Week ending 13th May 2022.

The end of the week brought Friday 13th – unlucky for some, but for many key markets it was a day of recovering early week losses.

The S&P 500 just held off hitting the definition of a bear market – a 20% drop from the all-time high value. On Thursday, the US index was within a hair’s breadth of this, before coming to its senses and making a recovery.

On Wednesday, US inflation was released for April and came in at 8.3% year-on-year (0.2% lower than prior), reaffirming our belief that price pressures are plateauing and beginning to stem. It must also be remembered that a large proportion of inflationary pressures were driven by food and energy price pressures, pressures which will likely be alleviated as the year goes on as Russian and Ukrainian agriculture and energy supplies redistribute and COVID-19-driven supply chains further ease.

As we said in last week’s update, in a bid to counter inflation, the Federal Reserve raised interest rates by 0.5%. One must remember that as inflation is a backwards looking measure, the increase in rates isn’t yet reflected in the inflation reading, as the 0.5% increase was essentially implemented after the fact. One must also remember a 0.5% move was a standard level shift in the pre-financial crisis in 2008/9 rates, so the current increase is merely a standard level increase, no more, no less.

We believe that interest rates are likely to continue to increase gradually with central banks enacting an increase and then watching to see what happens. Why is this? Well, imagine the economy is walking on a tightrope with a strong wind coming from the East – this strong wind represents inflationary pressures. You know that at some point the winds will change and the economy will face some deflationary pressures (supply chains easing etc.) – or wind from the West. If interest rate increases are the equivalent of leaning into the wind to keep your balance, then too many increases too soon would likely spell disaster for the economy when the winds change. If you’ve managed to stick with us through that analogy then you’ll understand our thoughts on why interest rate increases will need to be slow, measured and gradual as central banks will not want to risk a policy-driven recession.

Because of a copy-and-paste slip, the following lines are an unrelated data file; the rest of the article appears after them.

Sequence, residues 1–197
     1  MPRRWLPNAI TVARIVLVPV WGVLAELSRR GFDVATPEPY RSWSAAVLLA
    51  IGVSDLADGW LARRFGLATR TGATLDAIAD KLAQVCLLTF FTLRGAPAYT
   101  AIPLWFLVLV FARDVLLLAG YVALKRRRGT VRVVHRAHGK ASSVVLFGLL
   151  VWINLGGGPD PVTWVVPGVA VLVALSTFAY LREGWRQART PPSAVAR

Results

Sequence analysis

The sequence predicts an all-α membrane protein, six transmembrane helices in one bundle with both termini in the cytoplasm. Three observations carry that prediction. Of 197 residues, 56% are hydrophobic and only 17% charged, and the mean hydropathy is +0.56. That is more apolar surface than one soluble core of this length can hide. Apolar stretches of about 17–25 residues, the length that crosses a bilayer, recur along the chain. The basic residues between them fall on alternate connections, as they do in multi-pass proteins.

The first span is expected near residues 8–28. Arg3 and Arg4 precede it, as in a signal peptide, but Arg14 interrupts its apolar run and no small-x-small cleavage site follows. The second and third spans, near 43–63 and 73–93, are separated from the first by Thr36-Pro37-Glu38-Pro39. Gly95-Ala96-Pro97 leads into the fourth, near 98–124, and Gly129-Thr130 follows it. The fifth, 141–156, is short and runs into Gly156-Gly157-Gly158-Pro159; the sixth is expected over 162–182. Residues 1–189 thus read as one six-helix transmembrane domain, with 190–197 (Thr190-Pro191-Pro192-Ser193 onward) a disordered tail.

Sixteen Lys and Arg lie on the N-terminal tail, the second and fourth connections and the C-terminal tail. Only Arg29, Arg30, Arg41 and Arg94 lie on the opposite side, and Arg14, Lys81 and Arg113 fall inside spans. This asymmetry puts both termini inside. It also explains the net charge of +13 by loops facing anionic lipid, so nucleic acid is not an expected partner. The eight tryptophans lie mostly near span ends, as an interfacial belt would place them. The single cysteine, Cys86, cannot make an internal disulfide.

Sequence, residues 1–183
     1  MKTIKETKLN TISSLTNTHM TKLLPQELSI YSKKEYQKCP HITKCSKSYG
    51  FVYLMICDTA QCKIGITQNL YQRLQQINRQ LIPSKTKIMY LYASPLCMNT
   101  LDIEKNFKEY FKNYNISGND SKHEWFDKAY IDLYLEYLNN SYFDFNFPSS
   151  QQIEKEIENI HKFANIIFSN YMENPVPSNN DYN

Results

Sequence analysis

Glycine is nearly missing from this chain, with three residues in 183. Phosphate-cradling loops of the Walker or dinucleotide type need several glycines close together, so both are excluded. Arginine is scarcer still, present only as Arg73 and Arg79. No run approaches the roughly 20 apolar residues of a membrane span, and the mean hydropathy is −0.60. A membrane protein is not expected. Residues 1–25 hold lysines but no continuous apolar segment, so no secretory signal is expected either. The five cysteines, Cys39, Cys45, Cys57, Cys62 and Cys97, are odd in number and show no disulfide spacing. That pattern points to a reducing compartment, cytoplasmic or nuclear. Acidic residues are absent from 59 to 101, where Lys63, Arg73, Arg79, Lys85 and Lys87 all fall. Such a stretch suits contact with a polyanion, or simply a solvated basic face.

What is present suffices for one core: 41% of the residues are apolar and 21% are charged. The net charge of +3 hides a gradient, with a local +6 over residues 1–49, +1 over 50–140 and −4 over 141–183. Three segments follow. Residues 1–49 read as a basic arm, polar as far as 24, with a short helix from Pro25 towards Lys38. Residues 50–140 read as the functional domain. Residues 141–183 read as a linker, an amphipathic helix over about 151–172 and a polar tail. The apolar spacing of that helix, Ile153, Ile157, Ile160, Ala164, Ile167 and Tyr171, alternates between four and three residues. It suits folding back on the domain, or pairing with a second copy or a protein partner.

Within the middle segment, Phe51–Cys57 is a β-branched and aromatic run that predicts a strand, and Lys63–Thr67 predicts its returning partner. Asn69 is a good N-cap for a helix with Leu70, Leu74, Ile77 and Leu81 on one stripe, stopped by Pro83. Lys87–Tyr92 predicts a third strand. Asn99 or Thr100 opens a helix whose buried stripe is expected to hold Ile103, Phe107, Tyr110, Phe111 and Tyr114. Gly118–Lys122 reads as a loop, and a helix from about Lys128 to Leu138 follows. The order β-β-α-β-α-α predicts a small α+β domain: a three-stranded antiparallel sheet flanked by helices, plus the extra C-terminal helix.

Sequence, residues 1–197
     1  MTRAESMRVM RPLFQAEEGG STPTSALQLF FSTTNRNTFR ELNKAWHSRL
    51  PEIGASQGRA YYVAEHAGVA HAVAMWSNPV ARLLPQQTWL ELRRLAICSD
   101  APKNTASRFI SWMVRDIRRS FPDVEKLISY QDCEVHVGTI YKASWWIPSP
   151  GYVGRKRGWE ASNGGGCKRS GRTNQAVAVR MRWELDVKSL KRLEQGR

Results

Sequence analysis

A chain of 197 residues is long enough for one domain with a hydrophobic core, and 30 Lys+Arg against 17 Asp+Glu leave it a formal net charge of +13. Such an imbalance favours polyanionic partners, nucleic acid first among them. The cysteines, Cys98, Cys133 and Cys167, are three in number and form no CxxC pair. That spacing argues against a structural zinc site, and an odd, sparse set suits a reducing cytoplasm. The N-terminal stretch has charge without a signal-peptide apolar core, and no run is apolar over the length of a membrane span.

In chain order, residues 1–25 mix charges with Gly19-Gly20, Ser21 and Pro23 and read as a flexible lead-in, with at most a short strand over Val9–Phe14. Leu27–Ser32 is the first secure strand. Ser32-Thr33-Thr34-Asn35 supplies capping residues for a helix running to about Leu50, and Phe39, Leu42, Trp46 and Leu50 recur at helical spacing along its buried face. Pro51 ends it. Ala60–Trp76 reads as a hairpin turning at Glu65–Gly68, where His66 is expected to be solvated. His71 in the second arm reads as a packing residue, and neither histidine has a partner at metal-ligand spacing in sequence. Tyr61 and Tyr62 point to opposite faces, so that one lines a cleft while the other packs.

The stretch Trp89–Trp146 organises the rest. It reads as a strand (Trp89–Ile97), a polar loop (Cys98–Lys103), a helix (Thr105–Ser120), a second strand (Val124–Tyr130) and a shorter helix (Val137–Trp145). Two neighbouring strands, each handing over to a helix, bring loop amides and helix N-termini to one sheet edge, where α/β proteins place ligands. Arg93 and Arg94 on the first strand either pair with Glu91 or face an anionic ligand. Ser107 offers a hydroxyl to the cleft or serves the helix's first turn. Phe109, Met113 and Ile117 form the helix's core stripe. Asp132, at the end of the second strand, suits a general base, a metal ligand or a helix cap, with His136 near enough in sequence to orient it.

In the UK, a GDP data release revealed that the economy shrank by 0.1% in March from the month before as consumer spending drops and inflation pinches. However, the UK economy has a low correlation to our UK equity investments in the FTSE 100, as around 70% of the revenue generated from the FTSE 100 comes from outside of the UK. Furthermore, the UK looks attractive for medium-long term investment with many of the corporates listed in the UK being in good health.

Whilst lockdowns remain in China, on Friday the People’s Bank of China set their reference rate for the yuan vs the dollar at 6.7898, beating expectations. This is one of many monetary policy levers that China has to (and are willing to) use to boost markets. Additionally, the government have been pumping money into the market. With a supportive central bank, China provides attractive opportunity sets for investment ahead of the release of pent up demand from the world’s largest population as cities come out of lockdown.

In terms of data next week, we have average earnings and employment data in the UK, EU and Japanese GDP, UK and US retail sales and UK and Eurozone CPI.

Investment Management Team

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